It’s a wonderful thing to set goals. To plan for the future. But you have to be cognizant of the fact that no amount of planning alone will guarantee the outcome you hope for.
The difference, whether you see things come to fruition or not will be determined by the effort you put into what you have planned for. Interestingly, you can’t have one without the other. Planning & action. They’re twins of sorts, in that they feed each other. And make no mistake, you need a balance of both.
Planning Alone Will Not Get You The Results You’re After. You Need Consistency of Action too…
You find that balance by embracing consistency of action in your daily routine. Overtime even the most insurmountable of undertakings can come to pass. As proof consider the following examples:
The Brooklyn Bridge, which what must have been considered an unattainable idea at the time, at least initially, yet through planning, revision, and execution of the plan not only was built, but still stands to this day, having served countless people in the city it resides. Perhaps what is taken for granted today is that the actual construction of the bridge took some 13 years to build. That my friend is a lot of “consistency of action required”, on a whole lot of ongoing tasks to see it through. As they say, “Rome wasn’t built in a day, but it was built.”
Consider the career or job path you’re currently on, or think about someone you know who might be viewed as an expert in their profession. How do you think they attained that level of mastery? It didn’t happen through osmosis. It certainly didn’t happen by magic. Rather, it happened because he or she (or you perhaps) spent time in the activity of their given profession. Observing, learning, and participating in the very things which make up the particular profession.
In short, we would be hard pressed to find anyone who achieved mastery over a subject without “doing” it over a particular period of time. You can be the most studied in a subject, but until you’ve gone from academic, to applying action in the given area, you’re just not going be able to have grasped the level of those who are “in the activity” on a regular basis do.
Don’t wait for permission to get started. Ultimately you’re the only one who can grant you permission to go for your dreams…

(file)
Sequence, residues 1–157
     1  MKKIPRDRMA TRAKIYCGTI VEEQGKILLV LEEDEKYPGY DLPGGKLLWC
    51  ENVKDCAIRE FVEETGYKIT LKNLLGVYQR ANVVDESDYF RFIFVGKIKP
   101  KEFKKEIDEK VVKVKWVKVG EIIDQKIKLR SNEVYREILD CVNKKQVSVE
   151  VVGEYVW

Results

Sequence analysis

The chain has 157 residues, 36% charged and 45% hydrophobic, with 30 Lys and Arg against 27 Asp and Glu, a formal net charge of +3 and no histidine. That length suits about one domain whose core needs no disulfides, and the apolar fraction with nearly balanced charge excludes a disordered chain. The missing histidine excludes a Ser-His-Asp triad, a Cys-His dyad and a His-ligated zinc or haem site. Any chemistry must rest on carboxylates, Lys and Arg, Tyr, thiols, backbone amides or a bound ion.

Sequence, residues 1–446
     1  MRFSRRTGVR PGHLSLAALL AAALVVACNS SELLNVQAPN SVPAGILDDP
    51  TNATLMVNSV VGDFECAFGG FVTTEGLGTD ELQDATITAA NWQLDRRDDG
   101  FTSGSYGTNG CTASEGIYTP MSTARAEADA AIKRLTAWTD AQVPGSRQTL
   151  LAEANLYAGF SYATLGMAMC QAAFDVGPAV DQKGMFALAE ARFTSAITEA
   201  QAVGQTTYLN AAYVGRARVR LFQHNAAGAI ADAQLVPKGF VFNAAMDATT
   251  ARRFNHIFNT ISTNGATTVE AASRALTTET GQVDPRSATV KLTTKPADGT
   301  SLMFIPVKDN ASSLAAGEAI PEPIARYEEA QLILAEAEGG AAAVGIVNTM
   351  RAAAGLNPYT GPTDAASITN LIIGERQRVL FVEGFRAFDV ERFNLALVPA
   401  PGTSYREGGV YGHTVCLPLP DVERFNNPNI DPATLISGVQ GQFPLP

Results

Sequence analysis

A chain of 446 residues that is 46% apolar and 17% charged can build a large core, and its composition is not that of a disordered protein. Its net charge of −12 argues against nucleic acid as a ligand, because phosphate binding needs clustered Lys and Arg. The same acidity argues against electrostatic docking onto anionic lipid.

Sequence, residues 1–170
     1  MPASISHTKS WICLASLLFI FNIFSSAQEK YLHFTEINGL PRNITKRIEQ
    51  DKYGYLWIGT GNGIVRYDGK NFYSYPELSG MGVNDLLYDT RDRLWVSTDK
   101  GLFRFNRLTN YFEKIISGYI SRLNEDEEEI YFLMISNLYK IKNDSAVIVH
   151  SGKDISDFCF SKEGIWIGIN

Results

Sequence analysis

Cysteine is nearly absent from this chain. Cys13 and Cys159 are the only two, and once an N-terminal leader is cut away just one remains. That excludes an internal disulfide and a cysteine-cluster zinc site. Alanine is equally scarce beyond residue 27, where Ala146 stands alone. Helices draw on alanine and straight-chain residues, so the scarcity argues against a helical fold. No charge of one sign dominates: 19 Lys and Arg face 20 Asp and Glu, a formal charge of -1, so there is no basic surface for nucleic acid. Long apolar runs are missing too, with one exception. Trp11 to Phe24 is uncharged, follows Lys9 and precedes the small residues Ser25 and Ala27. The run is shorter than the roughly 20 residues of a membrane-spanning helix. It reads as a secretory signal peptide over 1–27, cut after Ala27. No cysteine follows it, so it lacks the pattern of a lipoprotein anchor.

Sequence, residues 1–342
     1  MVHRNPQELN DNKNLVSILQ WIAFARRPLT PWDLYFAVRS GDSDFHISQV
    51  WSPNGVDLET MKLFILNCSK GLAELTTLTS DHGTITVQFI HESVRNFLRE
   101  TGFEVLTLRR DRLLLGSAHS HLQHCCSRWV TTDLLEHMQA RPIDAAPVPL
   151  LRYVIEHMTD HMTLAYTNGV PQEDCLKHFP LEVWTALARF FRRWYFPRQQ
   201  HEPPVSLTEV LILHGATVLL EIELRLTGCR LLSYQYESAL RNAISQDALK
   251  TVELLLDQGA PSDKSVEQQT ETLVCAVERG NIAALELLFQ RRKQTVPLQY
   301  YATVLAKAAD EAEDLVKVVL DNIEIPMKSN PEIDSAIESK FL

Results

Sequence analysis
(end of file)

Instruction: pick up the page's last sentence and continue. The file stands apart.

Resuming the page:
Years ago when I first decided I wanted to be a writer, long before I ever aspired to write a book, much less get a traditional book deal and have it published (though I have now) one of the important things I managed to avoid was falling victim to the idea that I somehow had to follow a set of rules put into place by the purveyors of conventional wisdom. Perhaps you know the one I’m referring to.
The idea that I’d need to gain formal training from some college, or higher learning institution, who needed to bestow a degree on me prior to becoming a writer. Or that I would have to be more studied to get started. Or that I’d have to be flawless in my grammar, and english composition skills. Fortunately, perhaps a bit naively, I didn’t give those things a second thought.
Instead, I just did what seemed the natural first step. I fired up my computer and began to write. I wrote just as I would if I were speaking what I wanted to say. The funny thing is this is very much the same way I do it today. I wasn’t a great writer to begin with. Then again, who is ever good at what they do when just getting started? It’s the consistency, the doing of the thing overtime, which allows us to improve, to get better, to gain mastery. Consider times in your own life where you have found this to be true.
You Attain Mastery by Taking Right Action…
Friend, if you wish to excel in your given profession don’t just hope you’ll pick things up over time that will allow you to improve. Be intentional about it. Pick up a book, or audio program, attend a seminar, work with a mentor or coach, anything that can directly allow you to improve your skillset. Don’t leave things up to chance. Decide what you wish to excel in, and introduce the things into your routine that will allow you to attain the results you want to see.
Anything worthwhile isn’t going to just happen. It takes effort, but then again, isn’t that at least part of the reason we value having met with achievement? When things come easy, we don’t place the same value on them as we do those we had to work at.
Consider the 10,000 Hour Rule…
Malcolm Gladwell, in his book titled, Outliers: The Story of Success discusses the 10,000 hour rule. The basic premise is that mastery, and or greatness in a given area or endeavor takes time, a good bit of it, to excel, or attain true expertise. That isn’t to say that there aren’t exceptions to the rule, just to say that for the most part, in even the examples of the most “gifted” among us, you can identify that they put in their “10,000 hours.” I suspect you have found this to be true. Either in your own life, or the lives of those you look up to or consider experts.
The point above isn’t to scare you away, or make you feel bad if you haven’t put the time into the areas you want to excel. After all, it’s not about where you start, nor even where you are now, but where you finish that counts in the end. My hope is that you’ll realize that whatever you wish to do, to accomplish, to be, or become, will require giving your time to it. That isn’t a bad thing. In fact, that should excite you — in that effort and time on a given endeavor is a great equalizer with regards to your attaining mastery & expertise. And that my friend, is something to be excited about!
It’s Your Life, LIVE BIG!
– What are your thoughts on the ideas above? Share your feedback in the comments below.